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close this bookIndustrial Metabolism: Restructuring for Sustainable Development (UNU; 1994; 376 pages)
View the documentNote to the reader from the UNU
View the documentAcknowledgements
View the documentIntroduction
Open this folder and view contentsPart 1: General implications
close this folderPart 2: Case-studies
Open this folder and view contents6. Industrial metabolism at the national level: A case-study on chromium and lead pollution in Sweden, 1880-1980
Open this folder and view contents7. Industrial metabolism at the regional level: The Rhine Basin
Open this folder and view contents8. Industrial metabolism at the regional and local level: A case-study on a Swiss region
close this folder9. A historical reconstruction of carbon monoxide and methane emissions in the United States, 1880-1980
View the documentIntroduction
View the documentCarbon monoxide (CO)
View the documentMethane (CH4)
View the documentReferences
Open this folder and view contents10. Sulphur and nitrogen emission trends for the United States: An application of the materials flow approach
Open this folder and view contents11. Consumptive uses and losses of toxic heavy metals in the United States, 1880-1980
View the documentAppendix
Open this folder and view contentsPart 3: Further implications
View the documentBibliography
View the documentContributors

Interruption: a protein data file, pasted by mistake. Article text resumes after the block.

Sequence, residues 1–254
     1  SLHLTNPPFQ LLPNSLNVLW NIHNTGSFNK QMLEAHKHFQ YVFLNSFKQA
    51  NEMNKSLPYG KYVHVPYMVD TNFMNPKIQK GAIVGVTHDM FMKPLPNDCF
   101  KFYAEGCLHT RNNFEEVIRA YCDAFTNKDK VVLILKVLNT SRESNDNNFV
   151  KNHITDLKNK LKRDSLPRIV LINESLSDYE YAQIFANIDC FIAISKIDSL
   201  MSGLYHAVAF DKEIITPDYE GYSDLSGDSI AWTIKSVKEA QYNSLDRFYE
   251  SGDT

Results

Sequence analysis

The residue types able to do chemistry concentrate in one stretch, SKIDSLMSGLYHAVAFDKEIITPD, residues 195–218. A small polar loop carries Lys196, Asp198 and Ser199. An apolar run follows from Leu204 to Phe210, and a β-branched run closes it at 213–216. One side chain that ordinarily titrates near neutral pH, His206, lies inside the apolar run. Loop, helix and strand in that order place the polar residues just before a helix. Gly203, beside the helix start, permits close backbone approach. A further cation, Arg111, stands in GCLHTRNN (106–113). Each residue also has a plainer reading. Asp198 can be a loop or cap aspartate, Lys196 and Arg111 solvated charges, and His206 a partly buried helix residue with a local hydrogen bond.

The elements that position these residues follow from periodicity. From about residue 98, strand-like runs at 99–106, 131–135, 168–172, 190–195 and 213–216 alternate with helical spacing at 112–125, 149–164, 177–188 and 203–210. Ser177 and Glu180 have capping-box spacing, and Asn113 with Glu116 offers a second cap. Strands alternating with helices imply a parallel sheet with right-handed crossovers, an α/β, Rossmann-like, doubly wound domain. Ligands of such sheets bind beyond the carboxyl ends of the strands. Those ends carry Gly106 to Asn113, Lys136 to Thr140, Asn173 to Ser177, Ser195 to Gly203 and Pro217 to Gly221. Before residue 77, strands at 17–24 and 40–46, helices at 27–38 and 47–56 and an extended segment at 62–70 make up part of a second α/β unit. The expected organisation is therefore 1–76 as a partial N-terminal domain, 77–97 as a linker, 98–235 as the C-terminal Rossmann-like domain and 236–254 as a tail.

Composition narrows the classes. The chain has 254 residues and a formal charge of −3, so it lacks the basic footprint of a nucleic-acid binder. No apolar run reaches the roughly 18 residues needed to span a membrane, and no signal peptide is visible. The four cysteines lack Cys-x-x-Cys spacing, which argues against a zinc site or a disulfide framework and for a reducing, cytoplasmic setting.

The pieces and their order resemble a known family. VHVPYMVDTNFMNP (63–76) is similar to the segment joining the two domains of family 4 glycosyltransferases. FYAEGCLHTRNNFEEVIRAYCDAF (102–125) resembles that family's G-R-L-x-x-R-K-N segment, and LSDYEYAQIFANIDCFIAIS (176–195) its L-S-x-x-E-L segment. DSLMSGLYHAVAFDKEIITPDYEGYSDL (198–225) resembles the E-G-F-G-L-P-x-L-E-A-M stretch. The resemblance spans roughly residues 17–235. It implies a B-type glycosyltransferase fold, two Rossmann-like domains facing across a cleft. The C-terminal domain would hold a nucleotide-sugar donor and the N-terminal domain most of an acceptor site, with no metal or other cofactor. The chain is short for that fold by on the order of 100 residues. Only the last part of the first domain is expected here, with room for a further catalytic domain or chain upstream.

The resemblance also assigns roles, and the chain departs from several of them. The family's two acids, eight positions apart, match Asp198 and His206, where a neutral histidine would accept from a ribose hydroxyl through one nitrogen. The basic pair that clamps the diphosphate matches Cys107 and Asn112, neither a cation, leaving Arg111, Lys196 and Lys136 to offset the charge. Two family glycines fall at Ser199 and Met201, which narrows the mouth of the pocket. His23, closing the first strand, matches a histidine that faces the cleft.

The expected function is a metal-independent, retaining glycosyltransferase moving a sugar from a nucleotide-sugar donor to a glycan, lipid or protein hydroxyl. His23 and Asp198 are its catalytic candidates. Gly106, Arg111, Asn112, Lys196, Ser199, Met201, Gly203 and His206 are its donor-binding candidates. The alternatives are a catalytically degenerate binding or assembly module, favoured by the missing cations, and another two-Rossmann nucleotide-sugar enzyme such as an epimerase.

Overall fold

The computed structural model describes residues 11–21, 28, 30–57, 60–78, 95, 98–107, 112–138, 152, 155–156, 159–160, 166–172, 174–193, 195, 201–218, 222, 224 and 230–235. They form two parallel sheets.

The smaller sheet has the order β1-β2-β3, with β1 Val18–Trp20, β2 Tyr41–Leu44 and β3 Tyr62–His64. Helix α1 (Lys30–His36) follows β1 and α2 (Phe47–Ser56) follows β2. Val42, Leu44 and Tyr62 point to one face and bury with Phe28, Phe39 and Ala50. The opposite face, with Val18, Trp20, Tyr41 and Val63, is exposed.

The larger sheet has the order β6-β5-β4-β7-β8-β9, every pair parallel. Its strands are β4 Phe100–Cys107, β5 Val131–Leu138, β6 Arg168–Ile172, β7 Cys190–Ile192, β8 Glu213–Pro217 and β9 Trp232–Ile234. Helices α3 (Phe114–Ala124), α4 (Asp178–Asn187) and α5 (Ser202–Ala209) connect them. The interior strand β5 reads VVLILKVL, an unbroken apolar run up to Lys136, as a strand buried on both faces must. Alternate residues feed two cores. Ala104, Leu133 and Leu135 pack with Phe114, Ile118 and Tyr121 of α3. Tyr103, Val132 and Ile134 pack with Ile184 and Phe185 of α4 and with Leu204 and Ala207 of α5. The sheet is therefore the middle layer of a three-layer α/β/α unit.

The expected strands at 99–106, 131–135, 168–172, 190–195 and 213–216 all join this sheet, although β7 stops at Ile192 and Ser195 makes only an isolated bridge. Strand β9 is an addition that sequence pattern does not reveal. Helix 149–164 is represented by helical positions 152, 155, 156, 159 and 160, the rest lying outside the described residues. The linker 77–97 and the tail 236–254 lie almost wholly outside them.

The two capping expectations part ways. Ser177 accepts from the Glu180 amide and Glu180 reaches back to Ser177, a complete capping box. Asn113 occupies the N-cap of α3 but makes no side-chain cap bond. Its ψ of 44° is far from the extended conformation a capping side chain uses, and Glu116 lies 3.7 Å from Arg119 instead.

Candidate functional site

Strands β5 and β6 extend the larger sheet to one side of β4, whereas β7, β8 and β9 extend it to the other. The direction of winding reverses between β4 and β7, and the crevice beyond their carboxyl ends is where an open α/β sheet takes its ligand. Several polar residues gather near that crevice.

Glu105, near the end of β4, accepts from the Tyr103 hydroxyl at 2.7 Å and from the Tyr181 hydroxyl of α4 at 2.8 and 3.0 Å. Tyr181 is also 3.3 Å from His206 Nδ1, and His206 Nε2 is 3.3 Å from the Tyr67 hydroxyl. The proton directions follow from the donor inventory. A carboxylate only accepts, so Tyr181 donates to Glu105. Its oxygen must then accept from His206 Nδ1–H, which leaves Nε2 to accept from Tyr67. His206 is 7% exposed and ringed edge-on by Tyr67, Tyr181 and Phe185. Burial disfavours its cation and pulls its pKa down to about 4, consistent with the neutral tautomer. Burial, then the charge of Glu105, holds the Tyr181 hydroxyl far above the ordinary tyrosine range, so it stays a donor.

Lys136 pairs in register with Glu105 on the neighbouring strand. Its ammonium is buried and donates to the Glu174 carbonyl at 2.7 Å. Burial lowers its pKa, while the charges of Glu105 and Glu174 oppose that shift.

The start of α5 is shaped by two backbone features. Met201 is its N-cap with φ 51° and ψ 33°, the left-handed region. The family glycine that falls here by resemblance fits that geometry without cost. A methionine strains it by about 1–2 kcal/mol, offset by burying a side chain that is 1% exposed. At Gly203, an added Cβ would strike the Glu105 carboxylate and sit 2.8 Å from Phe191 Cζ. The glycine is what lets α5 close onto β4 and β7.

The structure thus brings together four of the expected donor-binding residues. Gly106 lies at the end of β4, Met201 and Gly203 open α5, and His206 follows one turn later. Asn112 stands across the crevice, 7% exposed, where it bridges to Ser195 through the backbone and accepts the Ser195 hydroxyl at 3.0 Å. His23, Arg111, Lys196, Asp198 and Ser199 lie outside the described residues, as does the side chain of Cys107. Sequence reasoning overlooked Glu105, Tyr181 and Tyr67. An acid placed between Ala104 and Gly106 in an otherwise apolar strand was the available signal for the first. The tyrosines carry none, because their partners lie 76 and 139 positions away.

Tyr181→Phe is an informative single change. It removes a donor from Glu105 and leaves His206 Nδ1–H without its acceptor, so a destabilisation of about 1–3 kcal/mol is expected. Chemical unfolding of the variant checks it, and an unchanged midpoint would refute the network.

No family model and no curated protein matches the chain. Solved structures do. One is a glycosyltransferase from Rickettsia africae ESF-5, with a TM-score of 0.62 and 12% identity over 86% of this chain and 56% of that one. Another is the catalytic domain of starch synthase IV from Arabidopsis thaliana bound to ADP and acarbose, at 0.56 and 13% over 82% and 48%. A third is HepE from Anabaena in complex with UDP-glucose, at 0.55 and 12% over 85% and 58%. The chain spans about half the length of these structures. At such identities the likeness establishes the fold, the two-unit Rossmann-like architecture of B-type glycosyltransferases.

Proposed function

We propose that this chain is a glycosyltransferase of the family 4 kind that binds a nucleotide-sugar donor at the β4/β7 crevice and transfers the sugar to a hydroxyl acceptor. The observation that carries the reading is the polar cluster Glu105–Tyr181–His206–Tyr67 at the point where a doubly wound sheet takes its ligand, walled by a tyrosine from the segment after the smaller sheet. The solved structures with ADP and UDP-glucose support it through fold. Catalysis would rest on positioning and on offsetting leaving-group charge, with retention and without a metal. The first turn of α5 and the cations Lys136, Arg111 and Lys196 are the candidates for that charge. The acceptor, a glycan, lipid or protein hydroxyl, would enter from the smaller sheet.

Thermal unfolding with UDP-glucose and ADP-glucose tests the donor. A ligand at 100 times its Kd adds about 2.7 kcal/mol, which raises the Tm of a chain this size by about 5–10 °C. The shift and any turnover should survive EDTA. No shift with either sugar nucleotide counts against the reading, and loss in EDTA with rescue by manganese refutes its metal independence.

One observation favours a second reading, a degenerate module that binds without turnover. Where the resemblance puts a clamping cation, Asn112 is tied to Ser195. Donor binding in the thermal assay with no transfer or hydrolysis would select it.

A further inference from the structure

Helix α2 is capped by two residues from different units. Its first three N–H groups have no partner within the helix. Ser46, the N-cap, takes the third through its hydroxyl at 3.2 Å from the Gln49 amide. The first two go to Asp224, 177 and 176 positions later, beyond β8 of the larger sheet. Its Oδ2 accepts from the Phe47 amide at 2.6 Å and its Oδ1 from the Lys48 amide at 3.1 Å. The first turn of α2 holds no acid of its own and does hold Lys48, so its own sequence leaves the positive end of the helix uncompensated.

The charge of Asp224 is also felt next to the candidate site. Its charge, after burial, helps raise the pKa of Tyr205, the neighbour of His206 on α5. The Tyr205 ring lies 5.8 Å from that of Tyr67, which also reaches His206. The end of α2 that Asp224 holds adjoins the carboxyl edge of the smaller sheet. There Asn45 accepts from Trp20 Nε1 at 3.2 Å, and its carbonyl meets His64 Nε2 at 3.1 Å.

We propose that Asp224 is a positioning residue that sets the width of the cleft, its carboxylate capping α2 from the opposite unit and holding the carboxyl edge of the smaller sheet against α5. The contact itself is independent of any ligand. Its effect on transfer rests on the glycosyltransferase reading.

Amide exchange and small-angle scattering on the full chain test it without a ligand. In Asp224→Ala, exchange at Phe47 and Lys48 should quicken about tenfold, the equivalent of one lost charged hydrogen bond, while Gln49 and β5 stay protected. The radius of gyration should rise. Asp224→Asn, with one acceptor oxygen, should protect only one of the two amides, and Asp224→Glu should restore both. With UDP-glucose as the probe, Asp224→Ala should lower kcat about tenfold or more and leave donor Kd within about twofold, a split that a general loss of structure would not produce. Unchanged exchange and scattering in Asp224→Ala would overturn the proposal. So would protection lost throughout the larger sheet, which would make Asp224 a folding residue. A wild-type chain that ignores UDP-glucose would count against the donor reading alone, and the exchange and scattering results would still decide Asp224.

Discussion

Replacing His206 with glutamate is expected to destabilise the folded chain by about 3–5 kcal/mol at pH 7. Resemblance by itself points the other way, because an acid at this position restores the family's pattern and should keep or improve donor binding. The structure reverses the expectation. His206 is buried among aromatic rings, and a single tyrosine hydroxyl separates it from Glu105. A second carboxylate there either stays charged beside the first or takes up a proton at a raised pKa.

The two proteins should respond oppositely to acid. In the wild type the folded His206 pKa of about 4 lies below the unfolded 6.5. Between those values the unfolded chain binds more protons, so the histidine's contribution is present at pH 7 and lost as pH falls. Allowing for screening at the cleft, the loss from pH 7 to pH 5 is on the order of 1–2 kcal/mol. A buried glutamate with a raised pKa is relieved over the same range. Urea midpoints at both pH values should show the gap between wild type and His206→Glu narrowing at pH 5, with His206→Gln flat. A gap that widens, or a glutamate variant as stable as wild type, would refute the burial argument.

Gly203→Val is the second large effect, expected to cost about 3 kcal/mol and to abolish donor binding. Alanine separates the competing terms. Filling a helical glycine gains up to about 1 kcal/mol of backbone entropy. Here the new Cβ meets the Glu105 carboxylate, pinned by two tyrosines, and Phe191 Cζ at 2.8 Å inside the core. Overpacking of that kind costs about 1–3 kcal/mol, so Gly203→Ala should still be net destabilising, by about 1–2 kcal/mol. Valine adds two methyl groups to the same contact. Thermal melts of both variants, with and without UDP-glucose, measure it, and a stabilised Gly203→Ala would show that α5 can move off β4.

Carbon monoxide (CO)

Carbon monoxide combustion sources

Carbon moNoxide is produced by incomplete combustion of carbon-based fuels. This occurs when a carbonaceous fuel is burned in a rich mixture, i.e. in a reducing atmosphere. In recent years, by far the greatest tonnages of CO in the United States, as elsewhere, have been produced by the automobile; hence we consider this source first. Emissions depend on certain driving conditions, as shown in figures 1 and 2. In particular, uncontrolled emissions decrease with average speed. National average CO emissions for urban driving prior to the adoption of emission controls for automobiles (c. 1965) were estimated to be about 3.1 per cent by volume, or 31,000 ppm. (Hum, 1968). More recent revised (1986) EPA estimates have reduced this by 33 per cent. It is now thought that uncontrolled CO emissions from automotive vehicles amount to 2 per cent of exhaust gases by volume.

The composition of gasoline is approximately C8H18, with a molecular weight of 114. In the fuel/air mixture corresponding to average engine conditions during the pre-control era (i.e. resulting in 2 per cent CO in the exhaust), approximately 43 molecules of atmospheric nitrogen (N2), and slightly less than 12 molecules of oxygen (O2) combine with 1 "molecule" of gasoline. The exhaust mixture contains about 43 molecules of nitrogen, 9 molecules of water vapour (H2O), 6.8 molecules of CO2, and 1.2 molecules of CO, plus very small amounts of oxygen, unburned fuel, etc. Note that about 2 out of 13 of the carbon atoms in the fuel are not fully oxidized. In terms of weight, uncontrolled automotive CO emissions were equivalent to the ratio of molecular weights (1.2*28)/114 = 0.295. In other words, for each ton of gasoline consumed, nearly 0.3 tons (295 kg) of toxic CO was emitted.

Emissions of CO in 1970, from automotive vehicles, were originally estimated by EPA (1969) to be 100 teragrams, or Tg. Controls introduced in new automobiles cut motor vehicle emissions from motor vehicles by about 50 per cent per unit of fuel consumed. In absolute terms, the reduction was from 62.7 teragrams in 1970 (peak) to 52.7 teragrams in 1980 (and 48.5 in 1984). This relatively minor decrease is in sharp contrast to the 90 per cent reduction in emission that was set as a goal of air-pollution-control efforts in the late 1960s.